Last Wednesday (Sept. 15), a Pittsburgh-based vendor called Dynamics unveiled a battery-powered device in the shape of a credit card that is capable of mimicking multiple cards by reprogramming its own magnetic stripe on the fly when the user hits a button to change accounts. Instead of replacing all of the credit cards in a consumer's wallet, this device would instead sharply reduce their number.
This approach is reminiscent of a Japanese trial that, although it involved mobile rather than plastic, used a device that could store the CRM data from 100 retailers.
Meanwhile, First Gulf Bank in the United Arab Emirates on Tuesday (Sept. 21) launched what it calls an Internet credit card: No magnetic stripe, no embossed numbers; just a 3D secure password required to execute each transaction and a text-message alert to confirm it. The intent is for this card to be used only online. It simply wouldn't work in an ATM, and the only way it could work in a brick-and-mortar would be for the associate to key it in.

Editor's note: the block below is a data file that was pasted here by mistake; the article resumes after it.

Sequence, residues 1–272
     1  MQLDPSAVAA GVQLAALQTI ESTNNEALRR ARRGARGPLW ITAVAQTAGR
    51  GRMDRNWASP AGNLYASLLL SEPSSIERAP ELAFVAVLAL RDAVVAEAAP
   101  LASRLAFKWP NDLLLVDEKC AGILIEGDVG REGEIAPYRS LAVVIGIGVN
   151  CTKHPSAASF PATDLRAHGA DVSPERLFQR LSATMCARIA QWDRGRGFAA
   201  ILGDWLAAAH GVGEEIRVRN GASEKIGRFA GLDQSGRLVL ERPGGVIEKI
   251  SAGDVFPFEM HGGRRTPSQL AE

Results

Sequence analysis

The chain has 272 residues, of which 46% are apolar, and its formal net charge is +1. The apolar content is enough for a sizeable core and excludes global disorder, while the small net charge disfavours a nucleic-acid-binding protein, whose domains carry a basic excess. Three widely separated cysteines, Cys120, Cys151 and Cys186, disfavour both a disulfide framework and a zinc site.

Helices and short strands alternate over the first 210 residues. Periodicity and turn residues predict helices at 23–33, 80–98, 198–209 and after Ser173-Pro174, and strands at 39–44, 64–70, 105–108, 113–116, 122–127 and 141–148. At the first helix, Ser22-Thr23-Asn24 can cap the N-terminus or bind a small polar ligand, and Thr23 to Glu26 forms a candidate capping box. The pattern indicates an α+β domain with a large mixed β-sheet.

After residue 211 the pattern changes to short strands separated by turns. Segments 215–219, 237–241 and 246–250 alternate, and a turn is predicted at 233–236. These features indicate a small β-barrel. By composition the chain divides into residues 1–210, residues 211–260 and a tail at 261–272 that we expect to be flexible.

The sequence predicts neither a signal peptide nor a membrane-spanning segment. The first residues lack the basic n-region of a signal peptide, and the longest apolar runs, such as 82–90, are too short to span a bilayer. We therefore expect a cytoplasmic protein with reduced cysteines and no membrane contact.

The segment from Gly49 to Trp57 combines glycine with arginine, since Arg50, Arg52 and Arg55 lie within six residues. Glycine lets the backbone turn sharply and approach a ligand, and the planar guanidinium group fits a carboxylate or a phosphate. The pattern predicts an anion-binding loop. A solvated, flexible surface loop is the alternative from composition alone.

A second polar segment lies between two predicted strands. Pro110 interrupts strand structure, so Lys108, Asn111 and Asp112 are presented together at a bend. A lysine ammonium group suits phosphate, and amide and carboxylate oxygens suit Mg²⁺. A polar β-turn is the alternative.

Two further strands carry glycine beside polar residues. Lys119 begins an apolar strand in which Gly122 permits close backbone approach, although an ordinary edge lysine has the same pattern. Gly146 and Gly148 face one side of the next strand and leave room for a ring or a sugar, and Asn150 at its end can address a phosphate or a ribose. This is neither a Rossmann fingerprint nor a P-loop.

This is the latest in a series of card experiments to try and address consumers' fears of fraud. But it's not just fraud. Some are worried that sites will either charge more than they originally said or make unauthorized—and oftentimes recurring—charges. These concerns have prompted experimentation with one-time-use cards, where the user sets aside only the dollars he/she intends to spend. If the retailer tries to charge more, the transaction simply won't go through.
We still see the life for rectangular payment as very short—perhaps no more than 15 years, with dramatic reductions in less than 10 years and significant reductions in five years. But creative moves such as we're seeing from Dynamics and First Gulf Bank will be essential to keeping versions of the cards alive beyond the true beginning of mobile payments.